A mint julep and a rosemary Greyhound. Photo by Angie Bryan

This spring many of you baked bread. Many of you embarked on extensive home renovation projects. And many of you planted victory gardens.

Those of you in that last group are likely now desperately calling friends with the fervor of someone who got involved in a pyramid scheme: “Are you sure you don’t want some fresh sage?  I really need to unload some of mine.  I’ll even drop it off at your place. I can throw in some fresh mint, too. I have three different kinds!”

Never fear, help is here.

Back when I lived in the Washington, D.C., metro area, I had what I liked to call a “booze garden” – a garden bursting at the seams with fresh herbs that could be used in cocktails. It was also just a really nice place to sit and drink.

There are four main ways to incorporate fresh herbs into cocktails: you can infuse them into liquors (see last week’s column for instructions), infuse them into simple syrup, muddle them and garnish with them.

As you may already know, simple syrup is just equal parts sugar and water stirred together over low heat until dissolved.  You can make honey syrup by stirring together equal parts honey and water over low heat. It takes only a few minutes.

The makings of a blackberry basil mojito. Photo by Angie Bryan

Opinions differ over the best way to infuse fresh herbs into one of these syrups. Some prefer adding the fresh herbs (pro tip: use a lot of fresh herbs in order for the flavor to come through in the final product) while the mixture is dissolving and then letting it steep for 5 to 15 minutes; others prefer pouring the still-warm simple syrup over the fresh herbs in a heat-proof container and then letting it sit for about 15 minutes. Either way, strain out the fresh herbs and make sure the syrup is either room temperature or (my preference) chilled before you add it to a cocktail. Herb-infused simple syrups are a wonderful way to incorporate herbs that you wouldn’t just sit around eating plain, such as thyme, rosemary and sage.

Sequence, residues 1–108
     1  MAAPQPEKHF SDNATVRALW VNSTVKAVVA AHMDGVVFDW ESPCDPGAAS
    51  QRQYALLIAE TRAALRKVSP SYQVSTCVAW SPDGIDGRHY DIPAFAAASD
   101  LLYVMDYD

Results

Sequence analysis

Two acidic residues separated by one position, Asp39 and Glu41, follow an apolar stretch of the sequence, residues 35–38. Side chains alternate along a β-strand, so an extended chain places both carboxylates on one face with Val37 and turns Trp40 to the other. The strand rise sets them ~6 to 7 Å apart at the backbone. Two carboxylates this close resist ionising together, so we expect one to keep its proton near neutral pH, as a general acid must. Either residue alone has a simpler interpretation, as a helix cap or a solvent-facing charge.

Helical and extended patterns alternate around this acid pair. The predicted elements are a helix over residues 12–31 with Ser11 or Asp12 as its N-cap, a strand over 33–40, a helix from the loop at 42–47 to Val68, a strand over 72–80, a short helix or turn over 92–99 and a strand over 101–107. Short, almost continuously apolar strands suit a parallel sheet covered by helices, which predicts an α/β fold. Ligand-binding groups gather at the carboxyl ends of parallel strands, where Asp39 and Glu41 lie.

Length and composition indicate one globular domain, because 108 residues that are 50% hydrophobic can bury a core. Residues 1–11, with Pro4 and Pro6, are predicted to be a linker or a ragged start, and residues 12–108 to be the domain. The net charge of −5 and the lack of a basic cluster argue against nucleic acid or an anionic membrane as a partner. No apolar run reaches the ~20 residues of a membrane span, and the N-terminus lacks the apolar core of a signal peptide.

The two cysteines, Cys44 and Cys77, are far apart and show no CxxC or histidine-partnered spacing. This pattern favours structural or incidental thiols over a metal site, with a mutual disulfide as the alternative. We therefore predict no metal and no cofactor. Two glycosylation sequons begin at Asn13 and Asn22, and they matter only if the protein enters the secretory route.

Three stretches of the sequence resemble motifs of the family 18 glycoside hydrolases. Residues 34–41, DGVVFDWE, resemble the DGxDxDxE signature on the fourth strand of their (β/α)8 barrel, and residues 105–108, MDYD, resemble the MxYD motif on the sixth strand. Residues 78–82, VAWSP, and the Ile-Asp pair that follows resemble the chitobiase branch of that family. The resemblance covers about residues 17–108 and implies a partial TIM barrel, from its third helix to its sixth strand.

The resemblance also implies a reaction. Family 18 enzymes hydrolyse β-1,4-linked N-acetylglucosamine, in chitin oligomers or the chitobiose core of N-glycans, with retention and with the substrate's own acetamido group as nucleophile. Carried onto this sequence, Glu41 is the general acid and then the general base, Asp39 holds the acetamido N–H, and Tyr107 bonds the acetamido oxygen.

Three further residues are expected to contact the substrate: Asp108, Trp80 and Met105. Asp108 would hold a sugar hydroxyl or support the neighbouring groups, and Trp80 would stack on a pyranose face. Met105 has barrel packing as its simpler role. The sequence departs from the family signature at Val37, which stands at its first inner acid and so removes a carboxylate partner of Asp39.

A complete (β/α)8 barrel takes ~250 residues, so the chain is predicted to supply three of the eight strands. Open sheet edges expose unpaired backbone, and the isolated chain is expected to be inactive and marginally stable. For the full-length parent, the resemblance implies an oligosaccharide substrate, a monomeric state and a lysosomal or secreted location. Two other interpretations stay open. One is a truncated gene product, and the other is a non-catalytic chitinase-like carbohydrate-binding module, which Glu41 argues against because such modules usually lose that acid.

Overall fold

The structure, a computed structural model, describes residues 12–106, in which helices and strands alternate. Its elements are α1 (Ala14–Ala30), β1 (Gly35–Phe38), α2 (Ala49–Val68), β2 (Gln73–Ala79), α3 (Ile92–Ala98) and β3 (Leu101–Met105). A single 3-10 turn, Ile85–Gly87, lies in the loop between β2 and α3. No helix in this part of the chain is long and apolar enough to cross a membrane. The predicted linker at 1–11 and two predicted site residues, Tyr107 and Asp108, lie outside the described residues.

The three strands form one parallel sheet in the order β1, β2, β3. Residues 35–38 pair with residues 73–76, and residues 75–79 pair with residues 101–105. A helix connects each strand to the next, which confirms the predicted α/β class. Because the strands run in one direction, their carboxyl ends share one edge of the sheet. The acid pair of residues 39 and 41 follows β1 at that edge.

Muddling is the technique used to release the oils (and thus the flavor and the aroma) of herbs such as mint and basil.  You can purchase an actual muddler, a long tool with a wide end that you stick directly in a container when making drinks like mojitos and mint juleps, or you can just use the handle of a wooden spoon.  If you’re new to the muddling game, muddle in a cocktail shaker instead of the glass; safety first!

Garnishing might seem like an afterthought or merely a way to make a cocktail look fancier, but when it comes to fresh herbs, it’s a way to taste the cocktail with your nose before you ever take a sip. Have you ever seen a bartender spank a spring of mint leaves before tucking them into a pile of crushed ice in a cocktail? They aren’t doing that because the mint has been naughty – they’re doing it to release the oils and the aroma to make the cocktail more inviting, setting the mood, so to speak.

Two of my favorite cocktails using fresh herbs are a blackberry basil mojito (muddle blackberries, fresh basil instead of mint and sugar, then add light rum and soda water) and the Sage Bee’s Knees (1 part sage-infused honey syrup, 1 part fresh lemon juice, 3 parts gin). Both are light, refreshing summery cocktails that might make you think twice about giving away your extra herbs.

I would provide more specific cocktail examples but I ran out of thyme.

Angie Bryan is a former diplomat who is enjoying getting acquainted with her new home in Portland, one cocktail at a time.

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